Razer Kraken Pro 2015 ReviewManufacturer: Razer
UK price (as reviewed): £69.99 (inc VAT)
US price (as reviewed): $79.99 (ex Tax)
So far this year we've seen some rather extravagant products from Razer. The BlackWidow Chroma
, DeathAdder Chroma
and Mamba 2015 Tournament Edition
, for example, have all been premium, feature rich peripherals. Now, however, we turn our attention to something a little more basic. The Kraken Pro headset is hardly a budget offering but it does away with RGB lighting, software control and virtual surround – it's simply an analogue, stereo headset advertised for esports use, and it comes in black (as here), neon green and white flavours.
The Kraken Pro is fairly lightweight but the plastic construction does add some bulk in places, and build quality is average – it's sturdy enough for daily use and will withstand some knocks and bumps but equally it doesn't wow us with its materials or finish. Fixed to the left earcup is a rubberised, 1.3m long cable that ends in a 3.5mm TRRS connection suitable for mobile devices and notebooks, but a 2m extension/splitter cable is also supplied if you're using a device with separate mic and headphone jacks. As an analogue headset the Kraken Pro has no use for software – simply plug in and go.
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Putting the Kraken Pro on your noggin reveals that it exerts a rather high amount of pressure on your ears. Coupled with the circumaural earcup design and leather padding, this amounts to an effective seal that's good for attenuating external noise. However, the pressure often feels excessive, even with the generous amounts of admittedly comfortable padding. We also think the headset would benefit from additional padding on the headband, though it was still around our ears where we felt it most.
As to the earcups themselves, the space for your ears is rather small, which resulted in us having to fiddle and wiggle whenever we used the headset in order to get a proper fit. Fortunately, there's a decent amount of extension on the earcups, and their suspension mechanism lets them pivot fairly freely along the x and y axes too. The result of the high clamping force, sealed padding and lack of space is that your ears become noticeably warmer over long play sessions, especially during these warmer summer days. Lastly, it's worth noting that the earcups have a foldable design for easier transport, though there's no carry case supplied.
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The in-line controller is a new addition for this 2015 edition. It has no clip but hangs in a natural place and features both a two-sided volume wheel and a mic slider, which has a small but handy red patch to indicate mute mode.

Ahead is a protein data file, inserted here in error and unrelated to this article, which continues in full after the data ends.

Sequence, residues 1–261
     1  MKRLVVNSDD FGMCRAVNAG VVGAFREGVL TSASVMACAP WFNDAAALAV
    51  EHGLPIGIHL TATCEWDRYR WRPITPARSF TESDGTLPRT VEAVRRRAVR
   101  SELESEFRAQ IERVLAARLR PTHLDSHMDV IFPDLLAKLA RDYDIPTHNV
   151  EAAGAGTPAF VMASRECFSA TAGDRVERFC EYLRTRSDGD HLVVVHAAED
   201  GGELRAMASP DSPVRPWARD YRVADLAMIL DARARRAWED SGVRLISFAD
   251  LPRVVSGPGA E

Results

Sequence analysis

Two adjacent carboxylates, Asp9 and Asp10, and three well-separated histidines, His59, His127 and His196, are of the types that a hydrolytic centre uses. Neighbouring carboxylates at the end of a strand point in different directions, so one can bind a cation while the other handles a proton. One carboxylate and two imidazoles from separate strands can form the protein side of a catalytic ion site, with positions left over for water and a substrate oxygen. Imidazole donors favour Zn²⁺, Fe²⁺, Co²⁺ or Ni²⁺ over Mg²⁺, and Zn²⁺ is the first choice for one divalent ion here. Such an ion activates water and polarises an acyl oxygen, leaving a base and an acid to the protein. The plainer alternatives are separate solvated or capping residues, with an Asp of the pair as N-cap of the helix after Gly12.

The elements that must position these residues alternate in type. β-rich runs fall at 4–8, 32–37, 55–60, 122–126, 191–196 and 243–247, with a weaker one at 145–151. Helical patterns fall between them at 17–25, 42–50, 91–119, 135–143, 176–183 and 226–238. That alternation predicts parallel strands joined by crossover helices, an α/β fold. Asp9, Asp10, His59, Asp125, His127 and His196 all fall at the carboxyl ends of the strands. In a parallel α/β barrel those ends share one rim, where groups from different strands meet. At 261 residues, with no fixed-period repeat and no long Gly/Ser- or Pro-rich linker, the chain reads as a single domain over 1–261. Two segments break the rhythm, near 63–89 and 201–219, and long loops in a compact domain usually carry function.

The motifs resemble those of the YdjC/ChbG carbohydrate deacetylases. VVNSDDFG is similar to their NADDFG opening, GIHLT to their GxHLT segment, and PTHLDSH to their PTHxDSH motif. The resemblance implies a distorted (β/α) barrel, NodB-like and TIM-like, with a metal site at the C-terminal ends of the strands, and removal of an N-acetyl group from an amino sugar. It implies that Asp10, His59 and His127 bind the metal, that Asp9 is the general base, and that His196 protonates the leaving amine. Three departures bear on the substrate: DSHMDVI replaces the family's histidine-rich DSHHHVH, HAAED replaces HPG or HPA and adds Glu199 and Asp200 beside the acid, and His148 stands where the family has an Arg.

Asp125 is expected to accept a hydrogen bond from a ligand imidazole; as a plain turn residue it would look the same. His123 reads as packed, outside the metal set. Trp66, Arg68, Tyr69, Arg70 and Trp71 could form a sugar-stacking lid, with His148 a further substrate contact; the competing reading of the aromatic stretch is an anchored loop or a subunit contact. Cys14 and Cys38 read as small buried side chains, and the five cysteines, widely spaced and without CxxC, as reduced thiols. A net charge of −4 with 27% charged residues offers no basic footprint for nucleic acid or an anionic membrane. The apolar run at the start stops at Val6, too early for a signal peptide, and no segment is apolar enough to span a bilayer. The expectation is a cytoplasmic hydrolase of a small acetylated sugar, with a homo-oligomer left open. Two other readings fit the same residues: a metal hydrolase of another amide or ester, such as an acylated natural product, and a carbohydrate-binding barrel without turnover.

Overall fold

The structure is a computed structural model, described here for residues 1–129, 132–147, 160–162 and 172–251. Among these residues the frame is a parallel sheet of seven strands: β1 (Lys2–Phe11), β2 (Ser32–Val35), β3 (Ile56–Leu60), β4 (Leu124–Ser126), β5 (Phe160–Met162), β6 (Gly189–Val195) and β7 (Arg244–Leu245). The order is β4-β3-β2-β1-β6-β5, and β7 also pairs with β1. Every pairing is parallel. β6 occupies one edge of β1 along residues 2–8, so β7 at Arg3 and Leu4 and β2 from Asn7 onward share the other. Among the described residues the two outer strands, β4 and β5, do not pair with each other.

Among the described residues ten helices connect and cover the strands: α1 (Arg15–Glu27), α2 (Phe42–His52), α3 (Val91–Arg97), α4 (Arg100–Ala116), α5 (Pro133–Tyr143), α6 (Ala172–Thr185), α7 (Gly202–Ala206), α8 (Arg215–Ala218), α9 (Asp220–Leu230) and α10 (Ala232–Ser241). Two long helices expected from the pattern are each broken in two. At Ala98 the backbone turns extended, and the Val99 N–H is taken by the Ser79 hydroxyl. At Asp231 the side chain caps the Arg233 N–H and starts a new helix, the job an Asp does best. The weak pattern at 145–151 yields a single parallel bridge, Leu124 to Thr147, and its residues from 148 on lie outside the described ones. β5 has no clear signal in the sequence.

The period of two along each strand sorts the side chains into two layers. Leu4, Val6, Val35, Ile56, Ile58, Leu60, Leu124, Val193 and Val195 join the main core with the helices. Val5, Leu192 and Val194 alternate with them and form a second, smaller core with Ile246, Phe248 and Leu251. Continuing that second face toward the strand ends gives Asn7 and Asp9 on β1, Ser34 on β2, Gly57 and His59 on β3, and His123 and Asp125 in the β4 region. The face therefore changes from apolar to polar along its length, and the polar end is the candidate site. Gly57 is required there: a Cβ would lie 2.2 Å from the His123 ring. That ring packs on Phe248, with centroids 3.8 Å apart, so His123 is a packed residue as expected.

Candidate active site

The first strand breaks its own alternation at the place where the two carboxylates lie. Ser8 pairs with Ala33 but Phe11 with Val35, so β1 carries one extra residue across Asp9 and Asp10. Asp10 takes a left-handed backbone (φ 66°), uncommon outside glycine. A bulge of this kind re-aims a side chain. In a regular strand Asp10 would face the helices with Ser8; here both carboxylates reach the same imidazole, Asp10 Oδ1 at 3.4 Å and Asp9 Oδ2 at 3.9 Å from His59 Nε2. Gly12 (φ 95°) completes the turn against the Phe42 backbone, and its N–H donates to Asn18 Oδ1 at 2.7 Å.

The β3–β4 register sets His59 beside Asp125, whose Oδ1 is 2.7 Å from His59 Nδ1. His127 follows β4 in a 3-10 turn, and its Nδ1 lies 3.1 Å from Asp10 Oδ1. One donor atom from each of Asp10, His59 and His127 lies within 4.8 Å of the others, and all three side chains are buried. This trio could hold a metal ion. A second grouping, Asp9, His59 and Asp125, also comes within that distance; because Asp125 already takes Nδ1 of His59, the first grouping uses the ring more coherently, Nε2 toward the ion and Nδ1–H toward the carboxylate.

The microphone is fully retractable and resides within the left earcup. It's very flexible and stays put when you adjust its position. The audio quality is fine and your voice comes across clearly over any reasonable levels of background noise.
Pumping some sweet tunes through the 40mm drivers reveals the Kraken Pro's boy racer approach to audio, where bass frequencies dominate at the cost of all else. On occasion, this can be enjoyable; some dance and tracks sounded suitably upbeat, for example, but even then the comparatively weak and muffly mid-range was a disappointment. Higher frequencies are okay, but again the rumbling bass seems to just take over, leading to an unnatural sound on many vocal and acoustic segments.
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Switching to a selection of games, which is of course what the Kraken Pro is really built for, and things do improve. Naturally, it's action scenes that benefit the most from the bass-heavy soundscape; fans of shooters and high octane racers, for example, are likely to enjoy the immediacy and power the booming low end brings to the table. However, it's not so fun when playing games with lots of dialogue or where the soundtrack is key to the experience. Similarly, voices in multiplayer games can become distracting, especially if you've got some deep-voiced friends.
£70 is frankly too much to pay for this headset, in our opinion. It doesn't really excel in any one area, other than bass production. Don't get us wrong; we are fans of bassy music and of the energy that a powerful low end can bring to games, but here it's overdone and, worse, it comes at the cost of weaker sound production elsewhere. The in-line remote is a welcome addition but when headsets like the HyperX Cloud
and Qpad QH-90
, which offer higher quality sound, supreme comfort and better accessories, retail for as much or even less than the Kraken Pro, the latter isn't something we can recommend for purchase.